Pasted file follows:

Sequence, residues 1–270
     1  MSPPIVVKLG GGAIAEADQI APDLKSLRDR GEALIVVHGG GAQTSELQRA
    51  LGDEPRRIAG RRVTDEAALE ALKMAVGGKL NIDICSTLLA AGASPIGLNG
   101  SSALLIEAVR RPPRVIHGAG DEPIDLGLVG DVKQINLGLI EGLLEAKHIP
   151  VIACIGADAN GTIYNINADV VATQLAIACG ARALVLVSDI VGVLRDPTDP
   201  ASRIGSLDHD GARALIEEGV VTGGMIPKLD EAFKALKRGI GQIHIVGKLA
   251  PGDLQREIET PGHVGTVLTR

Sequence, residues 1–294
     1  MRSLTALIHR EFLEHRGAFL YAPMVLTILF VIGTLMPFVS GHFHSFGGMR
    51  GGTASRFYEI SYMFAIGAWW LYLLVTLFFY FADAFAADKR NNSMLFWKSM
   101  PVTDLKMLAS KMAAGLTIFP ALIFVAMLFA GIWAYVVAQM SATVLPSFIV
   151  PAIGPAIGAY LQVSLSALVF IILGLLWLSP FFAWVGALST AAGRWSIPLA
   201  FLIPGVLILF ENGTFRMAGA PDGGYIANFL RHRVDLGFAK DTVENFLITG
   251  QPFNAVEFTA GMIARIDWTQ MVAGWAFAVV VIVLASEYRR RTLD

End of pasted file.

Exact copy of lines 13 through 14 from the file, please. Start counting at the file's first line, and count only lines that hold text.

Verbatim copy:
   201  FLIPGVLILF ENGTFRMAGA PDGGYIANFL RHRVDLGFAK DTVENFLITG
   251  QPFNAVEFTA GMIARIDWTQ MVAGWAFAVV VIVLASEYRR RTLD